While the price of most goods and services continues to rise, the good news is the rate of increase is continuing to slow and the markets are beginning to breathe a sigh of relief. The Consumer Price Index rose 0.8% in the June quarter and 6% annually in the lowest increase since September 2021. And in some areas prices fell including domestic holiday travel, accommodation and petrol. In the US, sharemarkets ended July higher after inflation eased to its lowest level in two years.
Nonetheless, cost-of-living pressures continued to affect our spending with a sharp fall in retail turnover of 0.8% in June. Those figures, along with the better-than-expected US data bringing concerns of tighter monetary policy, kept the ASX200 in check as some banks, commodities and miners suffered. The Australian dollar was also affected, hitting its weakest levels in more than two weeks. Unemployment remains at 3.5% with the number of people employed increasing by about 33,000 and the number of jobless decreasing by 11,000.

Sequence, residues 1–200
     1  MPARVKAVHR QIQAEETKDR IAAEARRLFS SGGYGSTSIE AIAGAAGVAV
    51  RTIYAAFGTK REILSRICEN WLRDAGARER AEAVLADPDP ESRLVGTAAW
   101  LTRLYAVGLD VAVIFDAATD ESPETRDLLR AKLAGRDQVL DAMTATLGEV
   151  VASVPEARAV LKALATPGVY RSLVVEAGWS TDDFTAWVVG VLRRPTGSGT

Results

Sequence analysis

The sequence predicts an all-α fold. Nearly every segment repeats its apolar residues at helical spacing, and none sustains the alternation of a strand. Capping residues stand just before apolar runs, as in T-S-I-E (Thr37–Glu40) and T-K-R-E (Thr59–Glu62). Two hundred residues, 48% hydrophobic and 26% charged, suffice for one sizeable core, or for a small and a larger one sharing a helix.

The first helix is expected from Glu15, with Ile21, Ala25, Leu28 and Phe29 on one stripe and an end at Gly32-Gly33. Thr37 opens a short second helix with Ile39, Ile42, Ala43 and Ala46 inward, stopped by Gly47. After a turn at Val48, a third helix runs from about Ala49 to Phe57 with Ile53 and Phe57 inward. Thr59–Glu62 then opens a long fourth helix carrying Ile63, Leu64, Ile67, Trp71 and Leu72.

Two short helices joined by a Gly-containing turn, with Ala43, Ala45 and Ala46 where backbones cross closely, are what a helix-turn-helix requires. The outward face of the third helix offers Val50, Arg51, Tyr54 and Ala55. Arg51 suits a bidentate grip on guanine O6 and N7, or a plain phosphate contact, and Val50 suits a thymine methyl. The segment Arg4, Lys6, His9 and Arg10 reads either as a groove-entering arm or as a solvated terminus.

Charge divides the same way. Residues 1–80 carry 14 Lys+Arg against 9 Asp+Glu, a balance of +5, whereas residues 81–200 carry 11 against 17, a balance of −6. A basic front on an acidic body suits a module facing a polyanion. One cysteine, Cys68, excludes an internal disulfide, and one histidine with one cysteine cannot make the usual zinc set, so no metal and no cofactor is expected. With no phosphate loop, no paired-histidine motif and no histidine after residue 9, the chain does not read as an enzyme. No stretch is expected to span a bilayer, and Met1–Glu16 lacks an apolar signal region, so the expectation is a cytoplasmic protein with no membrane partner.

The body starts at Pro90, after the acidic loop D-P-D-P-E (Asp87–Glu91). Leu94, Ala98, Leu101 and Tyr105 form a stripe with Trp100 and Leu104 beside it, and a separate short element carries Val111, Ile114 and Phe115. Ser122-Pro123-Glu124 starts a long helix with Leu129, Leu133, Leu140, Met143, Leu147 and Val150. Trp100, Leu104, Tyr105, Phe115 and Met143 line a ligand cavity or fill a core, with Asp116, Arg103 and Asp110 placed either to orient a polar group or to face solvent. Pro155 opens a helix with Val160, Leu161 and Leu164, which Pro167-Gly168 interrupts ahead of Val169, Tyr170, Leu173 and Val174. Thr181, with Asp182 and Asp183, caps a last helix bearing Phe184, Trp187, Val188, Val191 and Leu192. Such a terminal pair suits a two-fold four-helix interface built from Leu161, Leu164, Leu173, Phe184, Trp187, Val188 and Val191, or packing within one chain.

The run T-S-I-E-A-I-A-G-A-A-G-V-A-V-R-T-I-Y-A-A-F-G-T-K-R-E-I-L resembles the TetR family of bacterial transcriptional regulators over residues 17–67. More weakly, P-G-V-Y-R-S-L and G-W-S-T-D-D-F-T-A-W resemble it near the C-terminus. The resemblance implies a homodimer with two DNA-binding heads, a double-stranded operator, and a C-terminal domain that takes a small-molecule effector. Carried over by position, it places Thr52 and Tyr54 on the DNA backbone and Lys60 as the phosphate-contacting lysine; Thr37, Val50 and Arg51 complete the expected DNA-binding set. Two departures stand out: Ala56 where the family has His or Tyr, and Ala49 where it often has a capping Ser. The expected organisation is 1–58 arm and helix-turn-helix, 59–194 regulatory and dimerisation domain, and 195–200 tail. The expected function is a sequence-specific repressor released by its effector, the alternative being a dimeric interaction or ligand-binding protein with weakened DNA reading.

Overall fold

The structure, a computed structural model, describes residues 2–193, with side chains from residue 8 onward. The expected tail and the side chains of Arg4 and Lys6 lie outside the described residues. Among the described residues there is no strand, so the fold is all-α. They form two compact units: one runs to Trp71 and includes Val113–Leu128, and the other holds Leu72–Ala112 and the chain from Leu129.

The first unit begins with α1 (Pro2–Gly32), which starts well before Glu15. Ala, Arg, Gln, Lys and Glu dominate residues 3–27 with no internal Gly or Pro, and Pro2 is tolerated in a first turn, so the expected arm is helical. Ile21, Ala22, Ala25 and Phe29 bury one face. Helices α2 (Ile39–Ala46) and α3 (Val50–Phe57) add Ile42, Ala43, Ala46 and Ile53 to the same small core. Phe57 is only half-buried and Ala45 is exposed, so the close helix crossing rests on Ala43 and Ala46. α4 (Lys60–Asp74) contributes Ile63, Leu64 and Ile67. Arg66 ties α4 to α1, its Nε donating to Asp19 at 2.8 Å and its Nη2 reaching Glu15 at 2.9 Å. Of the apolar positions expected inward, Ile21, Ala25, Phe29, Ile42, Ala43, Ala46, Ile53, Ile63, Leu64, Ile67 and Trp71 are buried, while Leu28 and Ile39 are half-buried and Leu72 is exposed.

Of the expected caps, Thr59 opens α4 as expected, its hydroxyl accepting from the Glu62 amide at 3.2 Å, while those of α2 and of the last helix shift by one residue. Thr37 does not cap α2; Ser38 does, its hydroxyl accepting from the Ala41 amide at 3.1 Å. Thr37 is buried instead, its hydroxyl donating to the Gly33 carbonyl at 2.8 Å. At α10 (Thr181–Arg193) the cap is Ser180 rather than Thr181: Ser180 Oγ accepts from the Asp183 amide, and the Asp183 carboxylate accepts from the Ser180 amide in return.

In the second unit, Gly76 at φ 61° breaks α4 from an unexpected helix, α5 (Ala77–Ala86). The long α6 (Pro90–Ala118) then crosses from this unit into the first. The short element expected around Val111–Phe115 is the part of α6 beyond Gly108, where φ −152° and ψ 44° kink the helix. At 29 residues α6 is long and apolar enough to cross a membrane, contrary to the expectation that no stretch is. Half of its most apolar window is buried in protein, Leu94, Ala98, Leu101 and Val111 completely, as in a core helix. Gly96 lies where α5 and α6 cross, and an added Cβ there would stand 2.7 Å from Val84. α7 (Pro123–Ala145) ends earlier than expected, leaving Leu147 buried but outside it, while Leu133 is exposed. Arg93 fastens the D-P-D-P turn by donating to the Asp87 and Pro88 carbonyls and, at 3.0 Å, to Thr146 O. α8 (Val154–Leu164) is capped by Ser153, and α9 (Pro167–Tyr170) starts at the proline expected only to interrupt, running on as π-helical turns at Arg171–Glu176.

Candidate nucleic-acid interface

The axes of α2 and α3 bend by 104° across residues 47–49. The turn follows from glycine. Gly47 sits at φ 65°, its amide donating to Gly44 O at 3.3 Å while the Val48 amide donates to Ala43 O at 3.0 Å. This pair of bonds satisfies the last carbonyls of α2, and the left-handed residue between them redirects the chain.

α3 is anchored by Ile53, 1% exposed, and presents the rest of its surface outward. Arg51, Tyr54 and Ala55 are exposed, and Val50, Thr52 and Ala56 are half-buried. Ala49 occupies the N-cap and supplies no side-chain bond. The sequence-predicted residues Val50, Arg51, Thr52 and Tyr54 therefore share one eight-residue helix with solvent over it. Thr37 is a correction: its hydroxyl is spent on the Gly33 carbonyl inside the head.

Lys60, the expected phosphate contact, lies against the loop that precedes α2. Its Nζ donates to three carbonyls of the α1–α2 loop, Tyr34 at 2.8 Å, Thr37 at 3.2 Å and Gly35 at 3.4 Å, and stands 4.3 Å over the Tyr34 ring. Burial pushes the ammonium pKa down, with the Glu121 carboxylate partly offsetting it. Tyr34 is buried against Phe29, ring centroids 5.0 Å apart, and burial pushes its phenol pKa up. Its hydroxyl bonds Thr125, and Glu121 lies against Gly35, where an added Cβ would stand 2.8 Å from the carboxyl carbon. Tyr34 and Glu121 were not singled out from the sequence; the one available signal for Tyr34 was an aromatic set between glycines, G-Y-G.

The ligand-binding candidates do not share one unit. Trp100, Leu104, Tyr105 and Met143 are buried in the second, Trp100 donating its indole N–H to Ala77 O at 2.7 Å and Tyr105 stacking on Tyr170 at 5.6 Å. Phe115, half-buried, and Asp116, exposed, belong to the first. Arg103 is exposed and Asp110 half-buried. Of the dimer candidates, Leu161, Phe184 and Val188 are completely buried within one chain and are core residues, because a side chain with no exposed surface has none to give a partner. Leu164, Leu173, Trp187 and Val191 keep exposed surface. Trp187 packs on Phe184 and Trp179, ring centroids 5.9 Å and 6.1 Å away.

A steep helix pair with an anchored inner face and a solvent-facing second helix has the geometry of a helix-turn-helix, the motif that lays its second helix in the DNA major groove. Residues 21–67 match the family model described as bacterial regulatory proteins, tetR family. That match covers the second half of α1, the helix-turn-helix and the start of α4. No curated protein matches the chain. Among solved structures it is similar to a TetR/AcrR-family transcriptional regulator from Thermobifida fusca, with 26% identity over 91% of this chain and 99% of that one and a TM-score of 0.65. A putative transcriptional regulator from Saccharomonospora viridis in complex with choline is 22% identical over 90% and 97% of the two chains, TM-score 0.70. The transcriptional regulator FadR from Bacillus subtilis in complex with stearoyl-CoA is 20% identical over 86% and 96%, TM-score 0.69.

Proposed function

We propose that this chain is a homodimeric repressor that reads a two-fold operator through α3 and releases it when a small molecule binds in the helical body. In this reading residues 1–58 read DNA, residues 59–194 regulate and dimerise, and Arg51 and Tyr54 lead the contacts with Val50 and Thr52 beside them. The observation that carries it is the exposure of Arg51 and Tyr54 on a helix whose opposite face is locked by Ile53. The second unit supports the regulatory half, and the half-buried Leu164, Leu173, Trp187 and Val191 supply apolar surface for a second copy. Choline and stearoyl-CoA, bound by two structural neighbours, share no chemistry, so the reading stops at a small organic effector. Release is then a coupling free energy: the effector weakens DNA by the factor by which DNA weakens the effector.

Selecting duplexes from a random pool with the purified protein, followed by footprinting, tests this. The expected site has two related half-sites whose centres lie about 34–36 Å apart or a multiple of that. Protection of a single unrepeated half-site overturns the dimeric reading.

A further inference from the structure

Meanwhile tightening global oil supplies and high hopes for the outlooks of Chinese demand have seen a steady increase in Brent crude futures to around US$84 a barrel. But iron ore continues its downward trend, falling 2.6% since the beginning of 2023.